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The business benefit with the human touch

Videoconferencing, May 1996

A recurring theme in '60s sci-fi films is that no-one would have a phone call without seeing the person they were talking to, with perfect colour, sound and lip-synch. The problem with our current phone system, with just two copper wires, is that we are unlikely ever to be able to get enough data down the line to support video, without losing too much of the signal. Videoconferencing has been available for more than ten years now. Until recently, this meant booking time at a studio, due to the high cost of installing the special lines needed to cope with video. ISDN (the purpose-built integrated services data network) overcomes this by providing sufficient capacity to transmit instantaneous video images together with sound and data.

In this country, BT are the sole providers of ISDN-2 (one ISDN line containing two circuits). Mercury are only permitted to install ISDN lines in multiples of 30 circuits. You could use both ISDN-2 circuits for two different phone calls, e.g. one voice and one fax simultaneously, or use both of them to drive a video link. BT have brought out a range of atttractively priced videoconferencing products to connect to an ISDN-2 service. For the first time, this means you really can call up someone from your desktop, talk to them, and see them in full video at an acceptable level of quality and at a cost you may be able to justify.

Clive Gibbins, Operations Director at NOP explains: "Two years ago we established that videoconferencing would be an important communications medium both in the short term and in the future. Our experience over the last couple of years has proved us right with the BT equipment being used on a regular basis domestically and with increasing frequency on an international level.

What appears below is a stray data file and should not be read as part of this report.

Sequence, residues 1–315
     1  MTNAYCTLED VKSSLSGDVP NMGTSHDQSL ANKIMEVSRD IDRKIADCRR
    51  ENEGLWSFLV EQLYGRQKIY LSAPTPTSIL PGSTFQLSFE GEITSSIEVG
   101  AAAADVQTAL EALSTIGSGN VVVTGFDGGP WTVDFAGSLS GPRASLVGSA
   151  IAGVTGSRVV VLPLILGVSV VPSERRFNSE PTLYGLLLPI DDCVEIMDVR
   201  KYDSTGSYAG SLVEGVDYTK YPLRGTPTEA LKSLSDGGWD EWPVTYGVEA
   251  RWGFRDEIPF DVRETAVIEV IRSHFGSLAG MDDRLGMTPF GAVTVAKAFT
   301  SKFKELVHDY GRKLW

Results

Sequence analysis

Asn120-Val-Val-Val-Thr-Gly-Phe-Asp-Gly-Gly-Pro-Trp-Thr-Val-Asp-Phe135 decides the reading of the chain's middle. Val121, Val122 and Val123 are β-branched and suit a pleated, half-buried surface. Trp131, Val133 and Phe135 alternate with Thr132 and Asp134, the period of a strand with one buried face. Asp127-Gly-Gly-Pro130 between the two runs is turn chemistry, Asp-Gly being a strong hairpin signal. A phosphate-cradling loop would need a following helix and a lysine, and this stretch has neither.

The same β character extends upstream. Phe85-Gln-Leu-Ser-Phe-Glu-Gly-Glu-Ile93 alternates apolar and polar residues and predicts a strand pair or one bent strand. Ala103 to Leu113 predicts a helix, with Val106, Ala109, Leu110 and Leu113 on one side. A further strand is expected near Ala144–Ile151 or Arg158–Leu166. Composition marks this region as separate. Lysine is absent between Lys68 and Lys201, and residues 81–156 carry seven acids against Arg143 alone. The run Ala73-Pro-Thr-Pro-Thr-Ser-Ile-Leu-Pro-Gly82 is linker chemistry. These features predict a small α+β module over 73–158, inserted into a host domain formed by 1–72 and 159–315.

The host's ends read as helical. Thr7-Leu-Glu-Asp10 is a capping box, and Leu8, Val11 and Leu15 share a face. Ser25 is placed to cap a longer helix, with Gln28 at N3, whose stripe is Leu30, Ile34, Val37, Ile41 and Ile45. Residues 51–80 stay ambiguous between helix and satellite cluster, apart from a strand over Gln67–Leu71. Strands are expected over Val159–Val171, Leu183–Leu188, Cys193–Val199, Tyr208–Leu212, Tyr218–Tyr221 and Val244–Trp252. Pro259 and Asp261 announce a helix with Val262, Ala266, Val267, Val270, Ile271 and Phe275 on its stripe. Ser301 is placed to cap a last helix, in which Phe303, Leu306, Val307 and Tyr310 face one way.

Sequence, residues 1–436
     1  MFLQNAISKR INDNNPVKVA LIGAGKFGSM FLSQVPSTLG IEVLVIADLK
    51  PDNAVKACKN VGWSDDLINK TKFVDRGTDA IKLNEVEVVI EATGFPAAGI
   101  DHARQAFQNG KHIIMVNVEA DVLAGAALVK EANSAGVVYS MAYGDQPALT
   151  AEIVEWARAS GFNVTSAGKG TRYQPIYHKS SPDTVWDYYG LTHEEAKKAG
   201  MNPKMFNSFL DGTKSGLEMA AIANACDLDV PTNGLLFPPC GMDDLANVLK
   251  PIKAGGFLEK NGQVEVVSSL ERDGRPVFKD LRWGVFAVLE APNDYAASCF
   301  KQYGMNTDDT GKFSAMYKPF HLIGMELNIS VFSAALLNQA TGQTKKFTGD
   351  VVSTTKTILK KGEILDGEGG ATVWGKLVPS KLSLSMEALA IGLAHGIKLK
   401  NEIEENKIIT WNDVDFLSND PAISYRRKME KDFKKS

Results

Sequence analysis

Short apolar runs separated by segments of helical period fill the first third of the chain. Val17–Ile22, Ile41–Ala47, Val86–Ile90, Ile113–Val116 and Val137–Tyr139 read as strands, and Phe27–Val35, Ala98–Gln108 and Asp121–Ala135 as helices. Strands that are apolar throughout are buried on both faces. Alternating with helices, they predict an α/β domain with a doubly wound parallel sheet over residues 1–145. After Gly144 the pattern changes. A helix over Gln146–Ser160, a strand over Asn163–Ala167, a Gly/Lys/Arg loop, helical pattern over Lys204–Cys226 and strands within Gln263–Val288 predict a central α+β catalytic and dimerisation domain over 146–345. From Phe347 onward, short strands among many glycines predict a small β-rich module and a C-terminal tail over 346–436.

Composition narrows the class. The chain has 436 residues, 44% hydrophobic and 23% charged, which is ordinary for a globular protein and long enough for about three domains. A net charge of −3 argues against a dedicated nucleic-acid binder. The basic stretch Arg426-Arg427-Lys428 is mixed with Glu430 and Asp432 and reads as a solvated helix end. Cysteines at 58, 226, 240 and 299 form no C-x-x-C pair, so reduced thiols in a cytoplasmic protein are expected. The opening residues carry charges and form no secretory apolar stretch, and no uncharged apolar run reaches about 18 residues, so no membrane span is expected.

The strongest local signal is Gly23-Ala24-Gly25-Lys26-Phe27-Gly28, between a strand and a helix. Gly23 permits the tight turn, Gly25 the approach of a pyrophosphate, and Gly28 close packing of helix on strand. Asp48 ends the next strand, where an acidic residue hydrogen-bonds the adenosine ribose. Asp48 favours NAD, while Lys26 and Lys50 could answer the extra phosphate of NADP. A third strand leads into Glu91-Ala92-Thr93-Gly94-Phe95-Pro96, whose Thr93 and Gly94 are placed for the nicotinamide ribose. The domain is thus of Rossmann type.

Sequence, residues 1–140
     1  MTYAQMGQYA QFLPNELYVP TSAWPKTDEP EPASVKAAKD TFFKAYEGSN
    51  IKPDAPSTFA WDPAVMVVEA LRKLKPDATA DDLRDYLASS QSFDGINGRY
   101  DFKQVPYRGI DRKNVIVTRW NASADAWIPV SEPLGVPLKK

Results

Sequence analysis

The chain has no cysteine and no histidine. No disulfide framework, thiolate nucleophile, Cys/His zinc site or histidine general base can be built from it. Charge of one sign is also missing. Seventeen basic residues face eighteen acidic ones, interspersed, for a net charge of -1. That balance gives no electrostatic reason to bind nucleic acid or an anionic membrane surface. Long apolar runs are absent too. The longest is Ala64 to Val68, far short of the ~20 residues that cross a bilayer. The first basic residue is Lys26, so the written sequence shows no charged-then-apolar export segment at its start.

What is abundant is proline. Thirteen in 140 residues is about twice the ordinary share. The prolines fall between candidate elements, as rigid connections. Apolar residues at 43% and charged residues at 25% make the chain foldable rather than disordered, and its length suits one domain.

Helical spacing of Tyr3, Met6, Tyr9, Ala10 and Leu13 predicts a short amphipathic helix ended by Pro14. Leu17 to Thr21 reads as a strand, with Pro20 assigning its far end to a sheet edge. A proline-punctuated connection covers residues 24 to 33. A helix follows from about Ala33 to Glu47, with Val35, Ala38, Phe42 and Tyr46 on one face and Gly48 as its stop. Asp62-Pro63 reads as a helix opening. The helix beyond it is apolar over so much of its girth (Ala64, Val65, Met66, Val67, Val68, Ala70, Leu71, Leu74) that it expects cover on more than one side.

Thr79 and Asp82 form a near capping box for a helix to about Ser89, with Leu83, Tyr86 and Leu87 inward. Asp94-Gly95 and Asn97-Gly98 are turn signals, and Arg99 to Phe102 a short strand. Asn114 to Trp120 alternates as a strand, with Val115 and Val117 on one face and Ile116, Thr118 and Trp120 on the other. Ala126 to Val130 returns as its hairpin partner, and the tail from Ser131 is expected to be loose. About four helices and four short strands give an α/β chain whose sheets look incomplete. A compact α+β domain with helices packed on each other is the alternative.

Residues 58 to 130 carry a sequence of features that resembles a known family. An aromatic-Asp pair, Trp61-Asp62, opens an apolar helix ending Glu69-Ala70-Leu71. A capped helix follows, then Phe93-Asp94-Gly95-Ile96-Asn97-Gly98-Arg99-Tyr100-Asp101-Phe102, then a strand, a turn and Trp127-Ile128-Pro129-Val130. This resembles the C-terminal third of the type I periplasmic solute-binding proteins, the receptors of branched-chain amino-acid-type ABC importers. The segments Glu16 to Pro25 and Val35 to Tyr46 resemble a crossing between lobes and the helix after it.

"The United States is a market which we are very interested in and one which looks a great deal at Pan-European markets... In order to win business from the US we need to be able to act fast and communicate effectively with stateside clients. Videoconferencing fulfils two roles in this respect, not only allowing us to meet and communicate in a highly effective way without the need for time consuming and costly travel, but also demonstrating that NOP is completely up-to-date with modern communications technology. "Any product or service that enables us to save time or money, or delivers the competitive advantage that videoconferencing does, has to be considered an essential business tool." Gibbins concluded.

ISDN lines are more expensive to install than an ordinary exchange line. Currently each one costs £400 to connect, but after that, costs are similar to normal business tariff. BT claim you can use ISDN-2 videoconferenceing to save the chore of travelling to meetings, since you can hold the meeting at your desk, over the video link.

I decided I would put this to the test, and presented myself at NOP's London office to see how it worked. NOP use a BT desktop system, and have it set up in the corner of one of their offices. One of its major uses is for execs to carry out interviewer briefings with their Oxford CATI centre. We called up the centre, and I conducted my first interview for Research in video, when I spoke to Jenny Lyons, NOP's Operations Controller based at Oxford. She told me some of the advantages she saw. "It is nice to see who we are dealing with, and I believe it also helps the interviewers with the survey if they can see the exec they are dealing with. I think they feel more relaxed and comfortable, and do a better job as a result".